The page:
Puerto Rico Left Thousands of Bottles of Water White People Bought Them in a Field

Andrew Anglin
Daily Stormer
August 1, 2019

This is really an analogy for everything that we try to do for brown people.

No matter how much we give them, they just waste all of it.

They are a bottomless pit and a black hole.


Tens of thousands of water bottles intended for hurricane survivors in Puerto Rico have been found sitting in a field unopened. After a similar discovery last year, the find suggests massive waste in the US disaster relief effort.

Nearly two years after a pair of hurricanes rocked Puerto Rico, killing thousands, traces of Washington’s ill-fated relief project still litter the country. Aerial photos captured by the AFP news agency reveal a veritable ocean of waste: countless water bottles heaped onto pallets on farmland near the city of San Juan.

Puerto Rico was devastated by Hurricane Maria in 2017, the deadliest storm to hit the country in decades. The disaster caused an estimated $100 billion in damage and left nearly 3,000 dead. Maria hit just weeks after Hurricane Irma, which also caused deaths and extensive damage.

A spokesman for the Federal Emergency Management Agency (FEMA), one of the bodies tasked with overseeing disaster relief in Puerto Rico after the storms, said the water is expired surplus, and that the agency is currently in the process of disposing of the bottles.

“Following its response to the storms affecting the Caribbean area, FEMA had a surplus of water in its inventories that is now near or passed their expiration dates,” a FEMA representative told CBS in a statement.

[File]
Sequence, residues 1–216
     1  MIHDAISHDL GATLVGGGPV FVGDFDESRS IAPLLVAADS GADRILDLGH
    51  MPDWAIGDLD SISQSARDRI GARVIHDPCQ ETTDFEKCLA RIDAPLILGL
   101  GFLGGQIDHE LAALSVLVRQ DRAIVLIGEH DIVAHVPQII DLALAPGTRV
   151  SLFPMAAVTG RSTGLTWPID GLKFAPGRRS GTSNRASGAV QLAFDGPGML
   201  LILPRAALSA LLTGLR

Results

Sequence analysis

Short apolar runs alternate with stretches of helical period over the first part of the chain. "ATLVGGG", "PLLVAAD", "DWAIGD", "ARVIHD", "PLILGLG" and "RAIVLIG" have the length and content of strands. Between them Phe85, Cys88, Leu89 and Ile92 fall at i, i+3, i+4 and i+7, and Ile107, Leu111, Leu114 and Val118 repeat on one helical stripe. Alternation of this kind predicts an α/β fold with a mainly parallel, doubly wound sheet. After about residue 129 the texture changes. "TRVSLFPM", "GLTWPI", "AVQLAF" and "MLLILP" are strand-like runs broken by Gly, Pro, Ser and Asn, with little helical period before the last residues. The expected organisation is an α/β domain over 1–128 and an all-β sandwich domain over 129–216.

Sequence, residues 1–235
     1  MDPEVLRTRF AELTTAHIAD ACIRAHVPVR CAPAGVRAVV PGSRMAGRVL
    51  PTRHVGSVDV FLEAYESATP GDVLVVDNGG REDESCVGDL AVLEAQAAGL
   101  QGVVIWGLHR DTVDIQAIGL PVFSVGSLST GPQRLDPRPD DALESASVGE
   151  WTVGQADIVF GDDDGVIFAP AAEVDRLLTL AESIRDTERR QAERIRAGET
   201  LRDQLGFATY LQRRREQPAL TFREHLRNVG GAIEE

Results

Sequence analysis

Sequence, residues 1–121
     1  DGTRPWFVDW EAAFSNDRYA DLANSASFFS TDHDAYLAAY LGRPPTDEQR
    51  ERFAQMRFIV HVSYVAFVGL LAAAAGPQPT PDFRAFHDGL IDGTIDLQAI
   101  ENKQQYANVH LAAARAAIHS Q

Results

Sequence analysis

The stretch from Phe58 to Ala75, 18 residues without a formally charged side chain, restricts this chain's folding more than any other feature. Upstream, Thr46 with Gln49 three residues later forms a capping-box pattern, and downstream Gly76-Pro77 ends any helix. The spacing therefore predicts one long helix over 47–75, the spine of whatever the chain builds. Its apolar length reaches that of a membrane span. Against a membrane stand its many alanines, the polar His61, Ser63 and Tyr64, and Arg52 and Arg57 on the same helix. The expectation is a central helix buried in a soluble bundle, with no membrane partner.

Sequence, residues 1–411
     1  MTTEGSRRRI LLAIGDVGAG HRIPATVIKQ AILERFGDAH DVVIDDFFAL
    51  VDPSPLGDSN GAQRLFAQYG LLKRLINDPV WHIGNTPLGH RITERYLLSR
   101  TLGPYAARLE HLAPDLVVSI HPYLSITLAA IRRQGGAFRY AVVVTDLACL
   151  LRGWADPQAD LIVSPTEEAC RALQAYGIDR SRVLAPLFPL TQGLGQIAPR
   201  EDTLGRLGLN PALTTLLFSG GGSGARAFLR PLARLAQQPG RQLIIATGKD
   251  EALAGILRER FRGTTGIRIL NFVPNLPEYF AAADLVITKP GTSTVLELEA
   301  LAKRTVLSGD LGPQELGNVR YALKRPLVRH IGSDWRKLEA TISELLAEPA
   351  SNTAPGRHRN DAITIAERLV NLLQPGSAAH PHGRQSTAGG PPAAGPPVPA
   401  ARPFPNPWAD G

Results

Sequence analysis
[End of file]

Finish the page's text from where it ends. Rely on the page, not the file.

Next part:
The agency added that it had contracted with a third party to dispose of the expired water, and said “this process is underway … and is on target for September 2019 completion.”

It is unclear at what point the bottles expired, how long they have languished in the field, or what entity was hired to dispose of them.

Some Puerto Ricans have voiced their anger and disappointment after the discovery.

“What is frustrating about the water scandal” is “that the government hid those packages from the people,” one person told CBS’s David Begnaud, adding that many were forced to purchase overpriced water from stores in the wake of the storms.

“Outrageous!” another Puerto Rican told Begnaud. “My heart breaks knowing there were people who died of dehydration/diseases from polluted water while all of this was sitting around.”

You could see this pile of water bottles from space.

These “people” squander everything we give them and then they demand more, more, more.

We really just need to stop.

If we just said “sorry brown people – we’re not your dad. You’re going to have to figure your problems out yourselves,” so much would change.

These people would get angry, but if they realized we were serious, they would eventually leave us alone. The only reason they hunt us is that we care for them. We give them money, jobs, bottles of water. If we had a “sorry, not your dad” policy, we would be 90% of the way toward fixing the world.